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Racism: A Public Health Crisis


Dear Colleagues,

The video of the horrific and senseless killing of George Floyd by a police officer in Minneapolis, Minnesota, last week has already been viewed many millions of times around the nation and the world. Every replay exposes the lethal racism and the searing injustice represented by his words, “I can’t breathe.”

George Floyd’s tragic death brings to mind the killing of Ahmaud Arbery in Georgia, which did not lead to criminal charges for months, until a recording had been made public. It comes several months after Louisville police killed a 27-year-old emergency medical technician, Breonna Taylor, after bursting into her own apartment, and less than a year after a Fort Worth police officer killed Atatiana Jefferson as she played video games at home. It comes just a few weeks after the five-year anniversary of the homicide of Freddie Gray in the custody of Baltimore police.

Law enforcement violence is a public health issue. It is just one dimension of racism as a present and deadly force in our society. As shocking as these high profile examples are, they represent the tip of the iceberg of persistent racial inequities that constitute a crisis for public health.

African American babies die before their first birthday at more than twice the rate of white newborns.

African American women die at more than twice the rate of other women during pregnancy and childbirth.

African American adults suffer far higher rates of hypertension, diabetes, and other serious chronic illnesses.

The life expectancy of African Americans is 3.5 years shorter than for white Americans.

The roots of these and other mortal disparities run deep to the structural and institutional racism that shapes policing, housing, transportation, education, and health. The COVID-19 pandemic has reexposed the consequences of this legacy. With less secure housing, less stable access to food, greater reliance on crowded public transit, more low-wage work without adequate protection, and less access to health care, many predominantly African American communities are suffering staggering losses. African Americans are nearly twice as likely to die from COVID-19 compared to others in the U.S. population.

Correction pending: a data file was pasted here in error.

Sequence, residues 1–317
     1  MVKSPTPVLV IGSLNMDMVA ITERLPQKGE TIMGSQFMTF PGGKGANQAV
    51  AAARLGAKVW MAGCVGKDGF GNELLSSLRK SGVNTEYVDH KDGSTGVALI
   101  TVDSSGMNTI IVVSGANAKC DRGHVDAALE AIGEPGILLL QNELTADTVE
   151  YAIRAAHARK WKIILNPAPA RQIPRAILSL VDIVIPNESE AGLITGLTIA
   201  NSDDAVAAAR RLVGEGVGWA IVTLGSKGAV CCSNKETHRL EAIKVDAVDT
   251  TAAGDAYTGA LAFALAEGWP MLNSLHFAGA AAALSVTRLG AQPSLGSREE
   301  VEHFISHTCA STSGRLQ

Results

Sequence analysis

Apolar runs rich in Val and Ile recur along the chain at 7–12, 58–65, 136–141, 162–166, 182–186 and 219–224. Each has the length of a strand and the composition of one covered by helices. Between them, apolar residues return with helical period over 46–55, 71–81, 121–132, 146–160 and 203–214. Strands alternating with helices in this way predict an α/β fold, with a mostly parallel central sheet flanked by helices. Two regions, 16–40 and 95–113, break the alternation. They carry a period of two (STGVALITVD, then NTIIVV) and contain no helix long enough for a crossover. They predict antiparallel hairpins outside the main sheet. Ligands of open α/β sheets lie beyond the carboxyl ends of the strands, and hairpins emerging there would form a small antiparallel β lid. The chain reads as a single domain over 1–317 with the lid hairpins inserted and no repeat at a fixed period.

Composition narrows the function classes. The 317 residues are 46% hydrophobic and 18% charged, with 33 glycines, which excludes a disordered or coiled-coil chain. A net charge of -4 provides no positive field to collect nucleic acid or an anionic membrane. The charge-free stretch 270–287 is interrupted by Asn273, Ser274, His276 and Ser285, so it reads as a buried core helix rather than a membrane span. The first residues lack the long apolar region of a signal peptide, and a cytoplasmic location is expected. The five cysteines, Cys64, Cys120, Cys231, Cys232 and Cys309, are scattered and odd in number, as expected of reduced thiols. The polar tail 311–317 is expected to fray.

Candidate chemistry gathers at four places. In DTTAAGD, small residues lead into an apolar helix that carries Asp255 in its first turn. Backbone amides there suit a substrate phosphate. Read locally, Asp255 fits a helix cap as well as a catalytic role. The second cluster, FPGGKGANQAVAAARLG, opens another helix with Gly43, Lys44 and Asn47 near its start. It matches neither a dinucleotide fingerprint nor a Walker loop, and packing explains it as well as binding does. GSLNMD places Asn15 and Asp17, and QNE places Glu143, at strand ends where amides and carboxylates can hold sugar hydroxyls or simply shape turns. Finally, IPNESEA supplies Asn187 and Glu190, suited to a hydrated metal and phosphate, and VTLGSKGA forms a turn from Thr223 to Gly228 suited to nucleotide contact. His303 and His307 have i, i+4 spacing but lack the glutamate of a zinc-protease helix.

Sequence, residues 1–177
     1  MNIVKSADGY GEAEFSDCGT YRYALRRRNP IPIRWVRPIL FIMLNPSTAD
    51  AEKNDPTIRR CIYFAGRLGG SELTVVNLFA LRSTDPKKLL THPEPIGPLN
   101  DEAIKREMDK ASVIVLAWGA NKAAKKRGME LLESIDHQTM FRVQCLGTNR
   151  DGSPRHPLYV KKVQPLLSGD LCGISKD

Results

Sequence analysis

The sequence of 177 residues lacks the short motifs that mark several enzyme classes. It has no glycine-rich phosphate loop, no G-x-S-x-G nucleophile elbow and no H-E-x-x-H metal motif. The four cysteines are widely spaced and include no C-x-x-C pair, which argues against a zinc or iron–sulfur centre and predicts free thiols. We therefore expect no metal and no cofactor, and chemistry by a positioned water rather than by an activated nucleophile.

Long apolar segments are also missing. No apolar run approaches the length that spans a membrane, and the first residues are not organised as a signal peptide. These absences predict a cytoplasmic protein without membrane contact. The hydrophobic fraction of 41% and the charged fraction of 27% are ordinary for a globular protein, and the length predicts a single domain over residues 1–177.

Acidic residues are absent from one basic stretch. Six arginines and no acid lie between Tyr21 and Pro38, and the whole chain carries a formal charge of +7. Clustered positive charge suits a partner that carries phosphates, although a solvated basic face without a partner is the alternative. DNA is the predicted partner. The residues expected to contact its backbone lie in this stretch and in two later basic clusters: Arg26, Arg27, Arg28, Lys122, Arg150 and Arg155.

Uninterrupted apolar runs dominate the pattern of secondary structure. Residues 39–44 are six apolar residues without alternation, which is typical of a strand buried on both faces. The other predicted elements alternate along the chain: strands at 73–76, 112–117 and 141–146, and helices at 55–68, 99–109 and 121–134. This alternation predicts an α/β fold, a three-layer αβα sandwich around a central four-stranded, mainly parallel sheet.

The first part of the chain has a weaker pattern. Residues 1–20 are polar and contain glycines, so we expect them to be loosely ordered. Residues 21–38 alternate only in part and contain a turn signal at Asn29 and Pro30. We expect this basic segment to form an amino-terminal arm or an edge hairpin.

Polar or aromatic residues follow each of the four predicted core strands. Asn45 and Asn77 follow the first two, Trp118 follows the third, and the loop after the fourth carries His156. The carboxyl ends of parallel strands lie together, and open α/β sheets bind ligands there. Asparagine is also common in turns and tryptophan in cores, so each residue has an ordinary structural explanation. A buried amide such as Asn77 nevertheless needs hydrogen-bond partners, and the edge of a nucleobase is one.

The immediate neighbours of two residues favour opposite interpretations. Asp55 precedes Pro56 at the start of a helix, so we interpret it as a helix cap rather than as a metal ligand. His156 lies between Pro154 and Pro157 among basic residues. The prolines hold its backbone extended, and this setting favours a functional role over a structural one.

The profound impact of racism on life and death demands a full response from every part of our society, including—and especially—our field of public health. Our own efforts must include becoming aware of and challenging our own biases, more work to document the problem and its consequences, more research into practical solutions, and more effective advocacy to embed these solutions into practices and policies. There are many at the Bloomberg School and beyond who are already working in different ways to bring about needed change, but this responsibility is not theirs alone. It is shared by every one of us.

The School and the Urban Health Institute will pursue new ways to work together to counter racism and improve health equity alongside many partners and advocates across campus, our community, and beyond.

We ask that each of you make a personal commitment to this work. Together, we can create a society free from the oppression and injustice of racism, so we all can breathe.

We recognize that this is a particularly challenging time, and we want you to know that your School community is here for you. We encourage you to stay connected with your colleagues, friends, and family. Students who may be struggling with stress or trauma related to these events should reach out to the Student Assistance Program at Faculty and staff are encouraged to reach out to the Faculty and Staff Assistance Program at


Ellen and Lisa

Ellen J. MacKenzie, PhD ’79, ScM ’75
Bloomberg Distinguished Professor

Lisa A. Cooper, MD, MPH ’93
Director, Urban Health Institute
Bloomberg Distinguished Professor